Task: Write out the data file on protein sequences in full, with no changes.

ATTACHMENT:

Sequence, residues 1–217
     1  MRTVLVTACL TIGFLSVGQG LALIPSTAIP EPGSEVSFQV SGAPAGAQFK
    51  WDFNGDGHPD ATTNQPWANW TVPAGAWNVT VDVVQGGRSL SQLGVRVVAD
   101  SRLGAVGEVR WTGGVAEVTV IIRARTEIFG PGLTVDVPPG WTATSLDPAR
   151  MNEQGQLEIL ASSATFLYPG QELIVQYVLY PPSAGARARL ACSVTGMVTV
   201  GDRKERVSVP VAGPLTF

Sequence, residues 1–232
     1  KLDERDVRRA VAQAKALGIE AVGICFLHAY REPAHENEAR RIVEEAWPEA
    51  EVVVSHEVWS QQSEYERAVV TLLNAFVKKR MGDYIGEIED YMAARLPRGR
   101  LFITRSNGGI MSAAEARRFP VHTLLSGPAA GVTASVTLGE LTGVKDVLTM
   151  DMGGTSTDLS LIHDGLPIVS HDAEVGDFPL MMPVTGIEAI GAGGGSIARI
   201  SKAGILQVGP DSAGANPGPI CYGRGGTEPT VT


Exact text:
Sequence, residues 1–217
     1  MRTVLVTACL TIGFLSVGQG LALIPSTAIP EPGSEVSFQV SGAPAGAQFK
    51  WDFNGDGHPD ATTNQPWANW TVPAGAWNVT VDVVQGGRSL SQLGVRVVAD
   101  SRLGAVGEVR WTGGVAEVTV IIRARTEIFG PGLTVDVPPG WTATSLDPAR
   151  MNEQGQLEIL ASSATFLYPG QELIVQYVLY PPSAGARARL ACSVTGMVTV
   201  GDRKERVSVP VAGPLTF

Sequence, residues 1–232
     1  KLDERDVRRA VAQAKALGIE AVGICFLHAY REPAHENEAR RIVEEAWPEA
    51  EVVVSHEVWS QQSEYERAVV TLLNAFVKKR MGDYIGEIED YMAARLPRGR
   101  LFITRSNGGI MSAAEARRFP VHTLLSGPAA GVTASVTLGE LTGVKDVLTM
   151  DMGGTSTDLS LIHDGLPIVS HDAEVGDFPL MMPVTGIEAI GAGGGSIARI
   201  SKAGILQVGP DSAGANPGPI CYGRGGTEPT VT